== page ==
One -Drop Rule

Topics: Race and Ethnicity, Black people, Miscegenation Pages: 8 (2792 words) Published: December 16, 2012
The One-Drop Rule: A Key Player in the Construction of Race in the United States

Barack Obama’s election as the President of the United States in 2008 was considered by many to be a representation of the huge strides the country has made in terms of race relations. Considering that blacks in America were denied civil rights less than five decades ago, his election certainly indicates that progress has been made. Obama and his election to office is linked to this progress because much of the population considers him to be black, including himself. Yet, Obama has as much “white ancestry” as he does “black ancestry.” This specific example can be related to the convention ‘that considered a white woman capable of giving birth to a black child but denies that a black woman can give birth to a white child,”[1] identified by Barbara Fields. His classification as black, despite the fact that he is also half white, shows how the idea of the one-drop rule is still very much present in modern times. This rule indicates that a person with even a single drop of “black blood” is to be considered black. The idea of the one-drop rule has a very deep history in the United States and has been ingrained in the countries racial ideology, partly through legislation. The development and use of the one-drop rule is unique to the United States in that “We are the only country in the world that applies the one-drop rule, and the only group that the one-drop rule applies to is people of African decent” [2] The development and use of the one-drop rule has had a profound impact on the construction of race in the United States.

In order to understand the implications of the “one-drop rule” it is important to understand what this rule actual implies. As mentioned above, the rule indicates that one is considered black if they have even one single drop of “black blood.” This rule relies on the idea that race is determined by blood, and is therefore biological. This idea that race is biologically determined has been repudiated by many scholars from many different disciplines. There is no proven link between biological make-up and race. Rather, race is an idea that has been socially constructed throughout history. The one-drop rule has played a large role in this construction.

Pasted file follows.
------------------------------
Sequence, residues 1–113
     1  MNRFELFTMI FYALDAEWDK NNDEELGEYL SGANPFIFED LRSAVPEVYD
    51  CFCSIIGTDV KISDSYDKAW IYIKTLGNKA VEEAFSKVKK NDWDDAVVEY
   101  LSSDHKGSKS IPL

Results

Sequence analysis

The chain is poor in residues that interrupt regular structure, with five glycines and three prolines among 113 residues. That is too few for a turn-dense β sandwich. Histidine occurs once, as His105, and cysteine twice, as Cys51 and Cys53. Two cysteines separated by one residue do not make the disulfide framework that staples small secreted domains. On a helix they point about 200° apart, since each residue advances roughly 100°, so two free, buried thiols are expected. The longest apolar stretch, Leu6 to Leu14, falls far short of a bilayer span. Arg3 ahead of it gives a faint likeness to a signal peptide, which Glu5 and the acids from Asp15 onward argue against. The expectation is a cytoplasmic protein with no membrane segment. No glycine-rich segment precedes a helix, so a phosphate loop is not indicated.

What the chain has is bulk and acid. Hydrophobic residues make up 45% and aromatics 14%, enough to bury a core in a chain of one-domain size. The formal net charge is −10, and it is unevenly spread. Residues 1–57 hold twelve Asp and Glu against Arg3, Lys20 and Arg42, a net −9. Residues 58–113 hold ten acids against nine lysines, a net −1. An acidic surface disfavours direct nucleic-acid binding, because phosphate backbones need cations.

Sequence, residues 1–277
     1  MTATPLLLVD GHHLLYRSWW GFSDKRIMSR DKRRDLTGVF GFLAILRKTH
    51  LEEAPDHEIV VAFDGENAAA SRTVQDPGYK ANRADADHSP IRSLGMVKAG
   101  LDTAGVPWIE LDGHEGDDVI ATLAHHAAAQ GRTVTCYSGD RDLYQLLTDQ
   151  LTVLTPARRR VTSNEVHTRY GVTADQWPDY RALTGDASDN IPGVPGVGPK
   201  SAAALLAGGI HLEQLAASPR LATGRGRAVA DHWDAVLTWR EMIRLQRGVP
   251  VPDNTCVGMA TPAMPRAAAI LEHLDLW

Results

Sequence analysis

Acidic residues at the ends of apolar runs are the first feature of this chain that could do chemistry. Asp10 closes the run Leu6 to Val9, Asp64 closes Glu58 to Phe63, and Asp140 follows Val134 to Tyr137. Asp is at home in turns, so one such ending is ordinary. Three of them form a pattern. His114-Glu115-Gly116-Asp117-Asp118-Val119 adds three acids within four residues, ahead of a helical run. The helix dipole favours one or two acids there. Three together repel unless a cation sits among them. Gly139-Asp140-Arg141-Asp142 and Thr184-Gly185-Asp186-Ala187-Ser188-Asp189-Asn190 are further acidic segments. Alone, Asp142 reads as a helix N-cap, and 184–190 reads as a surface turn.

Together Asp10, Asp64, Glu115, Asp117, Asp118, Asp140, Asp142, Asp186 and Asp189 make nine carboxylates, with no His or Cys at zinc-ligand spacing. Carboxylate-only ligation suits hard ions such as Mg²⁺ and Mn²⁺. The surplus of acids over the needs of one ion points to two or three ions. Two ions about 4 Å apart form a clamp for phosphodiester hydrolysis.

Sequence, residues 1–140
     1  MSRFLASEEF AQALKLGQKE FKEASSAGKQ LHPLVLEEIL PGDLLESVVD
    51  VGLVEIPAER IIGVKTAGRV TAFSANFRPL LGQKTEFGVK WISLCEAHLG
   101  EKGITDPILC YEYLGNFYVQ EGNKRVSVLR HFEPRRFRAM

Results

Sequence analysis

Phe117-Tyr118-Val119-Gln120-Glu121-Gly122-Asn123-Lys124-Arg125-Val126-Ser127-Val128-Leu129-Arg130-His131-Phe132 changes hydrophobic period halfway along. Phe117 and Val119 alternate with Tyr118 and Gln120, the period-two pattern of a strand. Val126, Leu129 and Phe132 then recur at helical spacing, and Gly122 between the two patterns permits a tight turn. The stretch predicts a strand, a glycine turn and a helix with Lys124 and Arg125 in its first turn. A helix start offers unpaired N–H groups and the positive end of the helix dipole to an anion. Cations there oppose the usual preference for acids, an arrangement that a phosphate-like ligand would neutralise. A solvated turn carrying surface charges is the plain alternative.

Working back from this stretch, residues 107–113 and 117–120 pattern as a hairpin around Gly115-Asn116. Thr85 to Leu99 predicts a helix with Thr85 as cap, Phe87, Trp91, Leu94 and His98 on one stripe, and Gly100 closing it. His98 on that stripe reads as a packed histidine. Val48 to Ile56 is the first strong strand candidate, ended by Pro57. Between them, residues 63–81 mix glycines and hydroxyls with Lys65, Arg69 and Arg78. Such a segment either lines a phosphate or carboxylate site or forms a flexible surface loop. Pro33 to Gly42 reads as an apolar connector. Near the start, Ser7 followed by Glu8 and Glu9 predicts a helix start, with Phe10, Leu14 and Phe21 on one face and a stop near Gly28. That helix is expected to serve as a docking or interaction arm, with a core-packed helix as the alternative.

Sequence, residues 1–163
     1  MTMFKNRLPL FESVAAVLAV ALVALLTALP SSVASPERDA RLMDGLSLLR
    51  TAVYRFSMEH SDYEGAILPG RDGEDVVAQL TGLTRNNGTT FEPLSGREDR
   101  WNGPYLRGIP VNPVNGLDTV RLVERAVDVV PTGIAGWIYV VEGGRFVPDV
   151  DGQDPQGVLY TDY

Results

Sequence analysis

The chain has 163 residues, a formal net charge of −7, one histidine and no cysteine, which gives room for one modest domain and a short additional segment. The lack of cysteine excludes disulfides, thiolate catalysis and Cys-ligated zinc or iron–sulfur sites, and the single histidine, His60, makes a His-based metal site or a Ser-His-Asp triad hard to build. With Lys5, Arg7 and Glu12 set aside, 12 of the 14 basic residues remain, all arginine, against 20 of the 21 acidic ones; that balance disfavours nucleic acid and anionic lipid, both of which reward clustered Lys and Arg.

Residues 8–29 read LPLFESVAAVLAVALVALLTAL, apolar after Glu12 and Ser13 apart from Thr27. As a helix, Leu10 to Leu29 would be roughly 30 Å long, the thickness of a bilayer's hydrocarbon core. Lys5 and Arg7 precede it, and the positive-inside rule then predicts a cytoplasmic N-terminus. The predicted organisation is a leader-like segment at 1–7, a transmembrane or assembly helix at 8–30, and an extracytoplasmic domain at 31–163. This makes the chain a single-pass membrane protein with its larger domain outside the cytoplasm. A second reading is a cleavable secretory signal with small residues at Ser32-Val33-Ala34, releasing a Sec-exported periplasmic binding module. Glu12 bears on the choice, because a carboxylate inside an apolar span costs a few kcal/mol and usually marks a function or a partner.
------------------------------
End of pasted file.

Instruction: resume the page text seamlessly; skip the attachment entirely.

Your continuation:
The origin of the one-drop rule in the United States dates back to colonialism and slavery. As settlers continued to establish themselves in the colonies, their economy became increasingly more dependent on slave labor. This demand resulted in the North Atlantic Slave Trade, which imported masses of African people, unwillingly forced from their home countries, to the United States to be sold as slaves. Barbara Fields explains that Africans became associated with slavery in the United States because “ [n]early all Africans were slaves when they arrived in Virginia, and, before 1644, nearly all slaves in Virginia were African” [3] This associated led to the rise of the idea of the one-drop rule due to the fact that “the antebellum South...” saw it “as a way of enlarging the slave population with the children of slave holders”[4] The one-drop rule served in “Keeping the color line sharp [which] facilitated the enslavement of children begotten upon slave women by white men.” [5] In Colonial America the idea of the one-drop rule developed due to the desire to expand the institution of slavery. Within these terms, people with any trace of blackness were subjected to the perils of slavery.

The concept of the one-drop rule was implemented in order to increase slave populations, however the rule was not yet legally established. While there was no explicit rule during the period of slavery, the idea of the one-drop rule was clearly widespread for it can be seen in the legislation of the time. There were several laws that were enacted to prevent mixture between different races. These laws assumed that people with any trace of African ancestry were black. One set of legislation was...
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